President Donald Trump publicly chastised General Motors CEO Mary Barra on Monday over her decision to close four plants in the US because of sagging demand for sedans.
The President, speaking to reporters on his way to a pair of campaign stops in Mississippi, said he'd talked to Barra about the closures, which will also hit a fifth North American plant in Canada.
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"I was very tough. I spoke with her when I heard they were closing and I said, you know, this country has done a lot for General Motors," Trump said, referring to the federal bailout of the company after the 2008 financial crash.
He later repeated: "You know, the United States saved General Motors, and for her to take that company out of Ohio is not good."
A White House official said that Trump had spoken with Barra on Sunday, before the closures were publicly announced. Barra was at the White House on Monday for a previously scheduled meeting with economic adviser Larry Kudlow as Trump was speaking on the South Lawn, the White House official said.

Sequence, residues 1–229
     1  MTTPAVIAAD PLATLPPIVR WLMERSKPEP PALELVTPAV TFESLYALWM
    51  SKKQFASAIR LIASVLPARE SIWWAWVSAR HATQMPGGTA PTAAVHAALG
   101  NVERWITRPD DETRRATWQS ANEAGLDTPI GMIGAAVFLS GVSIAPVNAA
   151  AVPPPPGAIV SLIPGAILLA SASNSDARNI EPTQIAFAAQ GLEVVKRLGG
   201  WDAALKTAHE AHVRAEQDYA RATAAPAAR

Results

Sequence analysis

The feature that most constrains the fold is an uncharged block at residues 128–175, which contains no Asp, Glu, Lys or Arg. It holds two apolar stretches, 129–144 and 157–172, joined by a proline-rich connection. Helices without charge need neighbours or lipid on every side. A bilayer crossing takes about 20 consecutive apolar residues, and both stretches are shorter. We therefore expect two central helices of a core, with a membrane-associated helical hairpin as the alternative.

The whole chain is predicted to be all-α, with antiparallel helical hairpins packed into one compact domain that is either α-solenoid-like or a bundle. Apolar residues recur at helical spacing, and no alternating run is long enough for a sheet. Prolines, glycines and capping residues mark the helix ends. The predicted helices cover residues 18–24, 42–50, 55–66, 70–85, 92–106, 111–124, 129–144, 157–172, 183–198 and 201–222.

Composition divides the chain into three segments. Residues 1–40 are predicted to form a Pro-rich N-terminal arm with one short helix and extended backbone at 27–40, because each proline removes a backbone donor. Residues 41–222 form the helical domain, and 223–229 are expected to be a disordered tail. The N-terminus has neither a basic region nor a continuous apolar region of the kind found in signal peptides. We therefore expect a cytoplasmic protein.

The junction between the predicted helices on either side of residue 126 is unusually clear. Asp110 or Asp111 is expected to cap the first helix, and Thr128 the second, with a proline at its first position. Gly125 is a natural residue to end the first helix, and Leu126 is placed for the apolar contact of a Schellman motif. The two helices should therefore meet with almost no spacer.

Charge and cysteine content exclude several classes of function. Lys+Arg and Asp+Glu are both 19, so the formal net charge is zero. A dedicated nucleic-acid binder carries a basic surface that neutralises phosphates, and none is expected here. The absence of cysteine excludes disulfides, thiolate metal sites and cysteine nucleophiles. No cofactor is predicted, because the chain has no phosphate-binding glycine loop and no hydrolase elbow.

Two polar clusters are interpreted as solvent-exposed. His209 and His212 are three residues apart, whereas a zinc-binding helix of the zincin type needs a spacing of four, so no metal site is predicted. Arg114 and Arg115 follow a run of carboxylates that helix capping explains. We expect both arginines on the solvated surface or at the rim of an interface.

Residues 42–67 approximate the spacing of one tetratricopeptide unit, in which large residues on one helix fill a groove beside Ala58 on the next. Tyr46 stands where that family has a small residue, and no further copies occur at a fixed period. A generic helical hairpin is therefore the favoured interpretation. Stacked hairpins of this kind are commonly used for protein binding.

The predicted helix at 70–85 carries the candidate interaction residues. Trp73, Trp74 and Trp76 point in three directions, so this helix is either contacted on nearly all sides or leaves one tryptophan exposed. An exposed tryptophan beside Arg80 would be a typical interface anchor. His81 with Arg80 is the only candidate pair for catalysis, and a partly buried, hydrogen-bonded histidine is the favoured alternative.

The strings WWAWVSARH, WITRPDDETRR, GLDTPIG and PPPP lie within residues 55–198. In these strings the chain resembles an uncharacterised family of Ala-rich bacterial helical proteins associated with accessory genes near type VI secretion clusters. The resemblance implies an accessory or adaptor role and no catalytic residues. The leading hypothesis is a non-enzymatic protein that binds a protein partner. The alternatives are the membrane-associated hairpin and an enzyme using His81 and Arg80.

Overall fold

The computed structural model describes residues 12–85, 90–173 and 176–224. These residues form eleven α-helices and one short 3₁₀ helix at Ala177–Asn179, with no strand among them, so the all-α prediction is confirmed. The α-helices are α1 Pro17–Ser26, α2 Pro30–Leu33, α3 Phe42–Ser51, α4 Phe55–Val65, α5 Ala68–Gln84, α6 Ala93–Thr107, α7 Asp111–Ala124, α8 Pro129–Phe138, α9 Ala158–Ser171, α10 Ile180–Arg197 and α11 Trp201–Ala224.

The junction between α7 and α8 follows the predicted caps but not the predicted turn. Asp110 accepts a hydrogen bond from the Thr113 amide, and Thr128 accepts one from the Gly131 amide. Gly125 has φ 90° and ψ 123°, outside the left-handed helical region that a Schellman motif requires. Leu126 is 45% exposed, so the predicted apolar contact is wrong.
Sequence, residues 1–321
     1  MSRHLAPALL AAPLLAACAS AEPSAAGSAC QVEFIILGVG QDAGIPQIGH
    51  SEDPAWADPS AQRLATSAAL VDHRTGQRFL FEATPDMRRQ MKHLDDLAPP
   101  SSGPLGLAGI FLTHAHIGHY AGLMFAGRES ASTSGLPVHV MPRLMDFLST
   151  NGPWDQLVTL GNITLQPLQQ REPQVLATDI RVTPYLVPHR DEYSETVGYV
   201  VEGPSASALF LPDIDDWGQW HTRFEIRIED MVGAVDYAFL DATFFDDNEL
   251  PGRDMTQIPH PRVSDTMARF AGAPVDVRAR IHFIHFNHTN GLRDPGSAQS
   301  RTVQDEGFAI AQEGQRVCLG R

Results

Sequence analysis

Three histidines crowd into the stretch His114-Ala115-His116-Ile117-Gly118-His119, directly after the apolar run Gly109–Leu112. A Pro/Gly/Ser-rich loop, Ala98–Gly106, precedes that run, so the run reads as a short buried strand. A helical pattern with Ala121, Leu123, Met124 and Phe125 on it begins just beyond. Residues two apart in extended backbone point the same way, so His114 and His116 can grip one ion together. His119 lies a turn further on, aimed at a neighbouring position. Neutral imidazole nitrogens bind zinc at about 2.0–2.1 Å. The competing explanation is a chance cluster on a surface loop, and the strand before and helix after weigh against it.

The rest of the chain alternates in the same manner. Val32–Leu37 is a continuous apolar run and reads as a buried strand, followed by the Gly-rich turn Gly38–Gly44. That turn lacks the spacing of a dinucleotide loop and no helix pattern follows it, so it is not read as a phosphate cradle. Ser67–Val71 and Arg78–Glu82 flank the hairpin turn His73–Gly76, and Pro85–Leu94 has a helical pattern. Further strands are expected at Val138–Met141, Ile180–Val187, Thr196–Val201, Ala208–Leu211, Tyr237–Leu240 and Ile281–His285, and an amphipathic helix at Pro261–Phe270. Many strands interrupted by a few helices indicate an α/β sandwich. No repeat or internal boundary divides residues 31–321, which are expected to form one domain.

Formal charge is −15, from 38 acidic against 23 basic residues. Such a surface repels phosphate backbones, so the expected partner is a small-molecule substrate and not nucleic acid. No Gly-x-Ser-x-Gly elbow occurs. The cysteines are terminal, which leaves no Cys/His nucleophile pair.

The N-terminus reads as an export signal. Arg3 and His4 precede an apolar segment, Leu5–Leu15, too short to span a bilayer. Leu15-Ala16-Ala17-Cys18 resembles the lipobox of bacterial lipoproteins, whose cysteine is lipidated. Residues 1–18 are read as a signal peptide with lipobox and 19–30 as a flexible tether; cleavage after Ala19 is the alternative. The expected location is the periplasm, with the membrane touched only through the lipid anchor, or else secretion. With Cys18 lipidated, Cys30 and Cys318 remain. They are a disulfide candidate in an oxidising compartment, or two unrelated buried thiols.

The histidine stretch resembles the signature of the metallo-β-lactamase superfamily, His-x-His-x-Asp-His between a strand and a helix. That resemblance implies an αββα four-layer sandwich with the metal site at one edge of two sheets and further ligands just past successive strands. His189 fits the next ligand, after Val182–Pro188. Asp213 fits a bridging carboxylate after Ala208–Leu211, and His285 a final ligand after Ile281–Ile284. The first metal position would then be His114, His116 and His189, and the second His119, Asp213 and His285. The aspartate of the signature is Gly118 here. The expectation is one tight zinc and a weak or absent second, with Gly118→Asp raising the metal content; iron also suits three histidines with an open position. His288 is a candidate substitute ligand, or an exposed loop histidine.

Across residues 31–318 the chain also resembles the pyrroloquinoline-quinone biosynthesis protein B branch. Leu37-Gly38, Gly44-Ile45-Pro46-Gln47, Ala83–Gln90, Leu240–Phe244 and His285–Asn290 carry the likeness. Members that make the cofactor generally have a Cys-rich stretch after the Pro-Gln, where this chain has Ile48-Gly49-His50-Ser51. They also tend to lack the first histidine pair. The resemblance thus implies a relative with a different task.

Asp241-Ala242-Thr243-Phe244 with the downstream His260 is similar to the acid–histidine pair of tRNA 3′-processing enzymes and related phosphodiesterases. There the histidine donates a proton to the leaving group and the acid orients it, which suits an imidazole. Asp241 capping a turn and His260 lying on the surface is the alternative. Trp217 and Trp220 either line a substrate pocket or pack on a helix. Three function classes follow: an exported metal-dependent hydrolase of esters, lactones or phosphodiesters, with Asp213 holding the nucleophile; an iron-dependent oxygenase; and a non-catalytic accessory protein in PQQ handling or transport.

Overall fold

Trump, who made the revival of American manufacturing a centerpiece of his 2016 campaign, has a track record of publicly criticizing companies that seek to shut down or move production abroad, including furnace maker Carrier.
GM announced Monday morning that it would shut operations at plants in Detroit; Oshawa, Ontario; Warren, Ohio; White Marsh, Maryland; and Warren, Michigan. The plants made sedans that have waned in popularity, including the Chevrolet Volt, Impala and Cruze, the Buick LaCrosse and the Cadillac CT6 and XTS. GM said it will no longer make those cars.
Two of the plants made engines and parts for those cars. The facilities made some trucks, but those trucks are also made in Mexico.
The company also said it would close three plants outside North America by the end of next year. One of those closures, in South Korea, had been previously announced.
Trump said he told Barra she had "better" reopen plants in the US soon.
"We have a lot of pressure on them. You have senators and a lot of other people, a lot of pressure," the President said.
He said the company should find a car that sells better than the Chevy Cruze.
"I think you're going to see something else happen there, but I'm not happy about it," Trump said. "Their car is not selling well. So they'll put something else -- I have no doubt that, in a not-too-distant future, they'll put something else. They better put something else in."
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